May Plant of the Month: Halesia tetraptera (H. Carolina, H. monticola) – Carolina Silverbell
Want to add a beautiful flowering tree for mid-May? One that people will take notice of in spring, and other seasons too? Consider the Carolina Silverbell — Halesia tetraptera (H. Carolina, H. monticola).
Sure, so many trees are abloom at this time of year that many get overlooked but this tree is special: smallish (1/2 – 1” long) bell-shaped white or pinkish flowers appear in clusters, hanging in supple, shimmering arrangements that are showy and unusual.
The flowers are most noticeable when the tree is sited adjacent to an evergreen backdrop, not an uncommon locale for this understory tree that prefers a sheltered spot in the garden.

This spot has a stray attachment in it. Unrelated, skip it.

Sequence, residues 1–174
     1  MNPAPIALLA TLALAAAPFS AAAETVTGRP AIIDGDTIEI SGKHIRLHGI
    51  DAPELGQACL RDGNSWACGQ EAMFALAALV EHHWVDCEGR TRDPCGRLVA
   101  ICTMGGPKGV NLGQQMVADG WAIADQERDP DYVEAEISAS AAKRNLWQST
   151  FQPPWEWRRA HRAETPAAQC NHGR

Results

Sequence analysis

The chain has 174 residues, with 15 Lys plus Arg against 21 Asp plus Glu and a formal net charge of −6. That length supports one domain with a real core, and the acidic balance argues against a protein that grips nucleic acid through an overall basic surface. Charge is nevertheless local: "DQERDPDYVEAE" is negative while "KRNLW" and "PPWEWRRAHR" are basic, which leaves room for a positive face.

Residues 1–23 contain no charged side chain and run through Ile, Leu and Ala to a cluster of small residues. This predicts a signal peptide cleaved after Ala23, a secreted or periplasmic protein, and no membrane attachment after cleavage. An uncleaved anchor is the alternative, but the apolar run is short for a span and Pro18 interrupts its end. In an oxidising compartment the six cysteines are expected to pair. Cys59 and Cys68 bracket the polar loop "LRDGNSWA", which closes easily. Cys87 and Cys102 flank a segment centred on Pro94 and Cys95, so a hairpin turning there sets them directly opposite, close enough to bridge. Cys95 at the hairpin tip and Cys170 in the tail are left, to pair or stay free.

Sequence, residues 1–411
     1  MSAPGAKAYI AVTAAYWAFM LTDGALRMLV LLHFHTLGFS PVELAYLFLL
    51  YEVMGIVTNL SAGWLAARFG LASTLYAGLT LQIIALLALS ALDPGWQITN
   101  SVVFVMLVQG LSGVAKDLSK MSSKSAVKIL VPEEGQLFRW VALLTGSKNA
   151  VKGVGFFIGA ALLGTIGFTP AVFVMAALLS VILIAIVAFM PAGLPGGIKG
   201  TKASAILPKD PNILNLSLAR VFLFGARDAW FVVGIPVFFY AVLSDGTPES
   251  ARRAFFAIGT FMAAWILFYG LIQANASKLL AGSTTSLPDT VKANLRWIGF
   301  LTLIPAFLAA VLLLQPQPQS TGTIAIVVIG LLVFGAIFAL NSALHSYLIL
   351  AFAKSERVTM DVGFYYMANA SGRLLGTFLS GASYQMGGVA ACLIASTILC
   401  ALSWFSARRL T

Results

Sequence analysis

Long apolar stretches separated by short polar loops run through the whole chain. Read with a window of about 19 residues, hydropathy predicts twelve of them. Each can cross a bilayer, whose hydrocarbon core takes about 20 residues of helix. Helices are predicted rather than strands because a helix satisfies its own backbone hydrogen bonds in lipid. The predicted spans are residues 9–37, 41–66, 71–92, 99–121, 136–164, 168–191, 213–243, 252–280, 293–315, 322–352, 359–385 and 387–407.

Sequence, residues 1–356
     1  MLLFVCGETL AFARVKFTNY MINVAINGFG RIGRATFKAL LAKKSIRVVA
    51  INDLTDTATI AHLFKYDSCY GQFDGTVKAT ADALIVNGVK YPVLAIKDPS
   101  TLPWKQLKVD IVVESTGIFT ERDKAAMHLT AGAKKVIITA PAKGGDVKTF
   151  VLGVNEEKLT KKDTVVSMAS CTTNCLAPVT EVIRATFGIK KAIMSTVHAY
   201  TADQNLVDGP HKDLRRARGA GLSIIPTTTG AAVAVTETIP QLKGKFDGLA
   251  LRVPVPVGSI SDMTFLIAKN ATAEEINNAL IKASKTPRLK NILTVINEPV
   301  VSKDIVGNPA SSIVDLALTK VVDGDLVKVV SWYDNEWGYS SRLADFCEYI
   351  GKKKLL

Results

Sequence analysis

The yellow-green leaves persist well into the fall season, without any super fall show, but as they drop reveal an interesting ovoid, 4-sided winged fruit that persists throughout the winter months.
The tree reaches a height of 30’ or more, with a similar spread, and can be single or multi-stemmed. As the tree matures the bark develops a striking pattern of gray, brown and black stripes. Plant this tree as a specimen or in small groves. Site within well drained, moist, acid (forest-like) soils for best results.
A native tree to the Southeastern US, Halesia is hardy to zone 5